VMware will establish four data centers in the U.S. in which it will host a cloud environment that's highly compatible to the one that its customers use in the VMware-virtualized portion of their on-premises data centers.
The new facilities will be "a seamless extension" of customer facilities where they will be able to shift workloads at will with a few virtualization management console commands. VMware is building commands into its vCloud Director product and the modules in its vCloud Suite to automatically provision a designated virtual machine with networking that connects between the customer's premises and a remote Hybrid Cloud Service data center.
VMware is not about to build a global chain of cloud data centers on the scale of a Facebook or Google. It's more likely to lease space in existing third-party facilities, equip them with its own hardware and software, and operate them as public cloud facilities. CEO Pat Gelsinger said VMware, in making such a move, is not backing away from continued use of channel partners and existing data center partners, which include Bluelock, CSC and AT&T in the U.S. That list formerly included Dell as well, but Dell announced Monday it would no longer try to provide public cloud services.
[ If VMware is such "a great partner," why isn't Terremark using its cloud provisioning software? Read Terremark's VMware Cloud Software Story: It's Complicated. ]
In an interview after the announcement Tuesday of Hybrid Cloud Service, Gelsinger said that VMware was creating model VMware public clouds in the four data centers -- locations unspecified -- that its many regional service providers could emulate.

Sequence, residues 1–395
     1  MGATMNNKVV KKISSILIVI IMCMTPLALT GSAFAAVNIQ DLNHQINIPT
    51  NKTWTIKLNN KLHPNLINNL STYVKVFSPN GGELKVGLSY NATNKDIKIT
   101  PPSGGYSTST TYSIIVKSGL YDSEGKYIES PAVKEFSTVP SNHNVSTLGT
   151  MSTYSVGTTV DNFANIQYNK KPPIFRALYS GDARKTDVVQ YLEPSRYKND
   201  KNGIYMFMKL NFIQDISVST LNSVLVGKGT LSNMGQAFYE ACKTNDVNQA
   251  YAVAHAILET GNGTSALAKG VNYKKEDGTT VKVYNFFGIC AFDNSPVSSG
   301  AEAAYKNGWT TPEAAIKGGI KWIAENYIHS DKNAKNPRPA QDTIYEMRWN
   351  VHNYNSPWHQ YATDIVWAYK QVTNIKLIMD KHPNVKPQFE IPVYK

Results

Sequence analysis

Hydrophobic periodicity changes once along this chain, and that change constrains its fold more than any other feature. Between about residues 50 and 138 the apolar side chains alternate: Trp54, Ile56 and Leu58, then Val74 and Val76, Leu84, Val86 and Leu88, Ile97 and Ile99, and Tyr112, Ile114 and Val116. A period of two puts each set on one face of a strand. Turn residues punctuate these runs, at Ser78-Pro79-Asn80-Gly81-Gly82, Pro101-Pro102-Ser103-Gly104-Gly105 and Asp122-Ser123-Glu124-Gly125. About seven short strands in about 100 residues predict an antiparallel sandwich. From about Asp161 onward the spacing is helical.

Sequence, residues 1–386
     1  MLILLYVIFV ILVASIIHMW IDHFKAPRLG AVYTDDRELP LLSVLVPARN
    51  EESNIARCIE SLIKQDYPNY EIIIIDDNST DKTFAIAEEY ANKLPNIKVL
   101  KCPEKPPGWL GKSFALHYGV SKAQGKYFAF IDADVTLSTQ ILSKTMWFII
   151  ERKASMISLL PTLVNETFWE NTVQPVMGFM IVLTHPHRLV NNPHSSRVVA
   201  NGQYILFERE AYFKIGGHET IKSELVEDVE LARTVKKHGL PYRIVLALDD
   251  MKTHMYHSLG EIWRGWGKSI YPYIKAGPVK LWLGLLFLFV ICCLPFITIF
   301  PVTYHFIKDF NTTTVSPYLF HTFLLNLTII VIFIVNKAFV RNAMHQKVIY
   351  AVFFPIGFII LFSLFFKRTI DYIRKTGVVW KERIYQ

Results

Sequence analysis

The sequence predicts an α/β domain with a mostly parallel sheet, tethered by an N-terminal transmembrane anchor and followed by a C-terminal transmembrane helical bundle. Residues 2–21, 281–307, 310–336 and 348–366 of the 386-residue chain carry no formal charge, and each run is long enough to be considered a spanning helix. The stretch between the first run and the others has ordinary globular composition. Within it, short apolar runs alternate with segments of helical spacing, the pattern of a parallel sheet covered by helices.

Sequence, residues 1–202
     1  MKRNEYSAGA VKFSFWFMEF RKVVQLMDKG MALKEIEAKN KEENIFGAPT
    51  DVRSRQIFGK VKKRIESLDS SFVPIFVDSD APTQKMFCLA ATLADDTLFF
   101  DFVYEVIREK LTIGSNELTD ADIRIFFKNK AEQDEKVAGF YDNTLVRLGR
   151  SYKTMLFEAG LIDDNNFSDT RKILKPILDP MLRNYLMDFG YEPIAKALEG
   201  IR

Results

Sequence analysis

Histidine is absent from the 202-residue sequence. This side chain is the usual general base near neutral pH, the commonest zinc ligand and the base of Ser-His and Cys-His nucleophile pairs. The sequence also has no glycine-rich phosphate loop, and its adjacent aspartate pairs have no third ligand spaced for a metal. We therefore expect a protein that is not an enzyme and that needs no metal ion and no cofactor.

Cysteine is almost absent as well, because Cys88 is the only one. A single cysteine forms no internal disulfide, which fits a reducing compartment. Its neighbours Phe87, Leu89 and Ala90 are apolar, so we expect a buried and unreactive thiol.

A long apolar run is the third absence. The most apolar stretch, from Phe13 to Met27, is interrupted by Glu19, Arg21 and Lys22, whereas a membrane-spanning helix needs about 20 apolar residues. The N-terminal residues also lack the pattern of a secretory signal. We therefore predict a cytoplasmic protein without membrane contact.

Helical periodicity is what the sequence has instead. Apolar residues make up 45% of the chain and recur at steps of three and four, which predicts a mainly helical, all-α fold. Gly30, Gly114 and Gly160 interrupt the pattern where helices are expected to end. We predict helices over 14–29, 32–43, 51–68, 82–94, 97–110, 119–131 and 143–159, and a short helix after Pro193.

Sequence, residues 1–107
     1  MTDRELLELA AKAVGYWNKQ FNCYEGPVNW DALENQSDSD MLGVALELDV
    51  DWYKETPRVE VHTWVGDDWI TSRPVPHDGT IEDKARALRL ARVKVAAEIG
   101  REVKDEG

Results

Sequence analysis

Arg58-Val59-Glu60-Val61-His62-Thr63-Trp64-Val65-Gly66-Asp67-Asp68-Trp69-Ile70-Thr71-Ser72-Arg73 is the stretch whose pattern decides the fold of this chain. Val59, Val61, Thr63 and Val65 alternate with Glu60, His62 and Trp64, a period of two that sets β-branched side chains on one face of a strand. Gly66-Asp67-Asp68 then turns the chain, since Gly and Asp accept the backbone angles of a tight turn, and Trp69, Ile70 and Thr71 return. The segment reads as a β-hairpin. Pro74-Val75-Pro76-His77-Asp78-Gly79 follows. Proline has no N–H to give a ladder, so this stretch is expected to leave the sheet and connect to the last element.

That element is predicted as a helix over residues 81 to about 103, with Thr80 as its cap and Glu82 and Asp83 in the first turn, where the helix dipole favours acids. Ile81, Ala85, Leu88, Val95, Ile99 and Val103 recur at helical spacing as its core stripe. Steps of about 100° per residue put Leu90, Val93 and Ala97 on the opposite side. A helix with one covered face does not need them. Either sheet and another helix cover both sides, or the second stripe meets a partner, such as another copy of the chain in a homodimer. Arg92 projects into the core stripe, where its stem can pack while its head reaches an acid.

By building new capabilities into its vCloud Automation Center product and its vSphere Management Console, the "network stretch and deploy" feature will become something customers can invoke from within a familiar management setting and use to move workloads out to a VMware Hybrid Cloud facility. VMware is also integrating Hybrid Cloud Service with other VMware products, including vCenter Operations, used for capacity and virtual system management, and VMware View, its desktop virtualization product.
One of the few surprises in the announcement, which had been anticipated for weeks, was that it will charge $0.13 an hour for a "fully redundant" 1 GB virtual machine with one processor in a "dedicated cloud" or an isolated server. That brings a secure and private virtual server in the VMware Hybrid Cloud Service to market priced slightly under one major competitor, Google Compute Engine, which is offering a midrange VM at $0.132 per hour. Amazon remains at a lower benchmark, $0.12 an hour for a medium server. Indeed, both Amazon and Google offer one virtual processor but 3.75 GB of memory, not 1 GB as VMware does, for their standard or medium-sized virtual machine.
The multi-tenant version of Hybrid Cloud Service comes in lower than the single-tenant offering. VMware is offering 1 GB servers with one virtual core at $0.045 an hour. Prices for larger servers, which most customers would need, were not listed in the announcement.
VMware Hybrid Cloud will have limited availability through an early access program that starts in June. General availability in the U.S. is expected in the third quarter.
"We have become mission critical, we have become the new hardware, we have become the new environment customers rely on for the internal infrastructure," said CEO Pat Gelsinger at the start of the presentation. Hybrid Cloud Service will extend that reliance out into the public cloud, he said.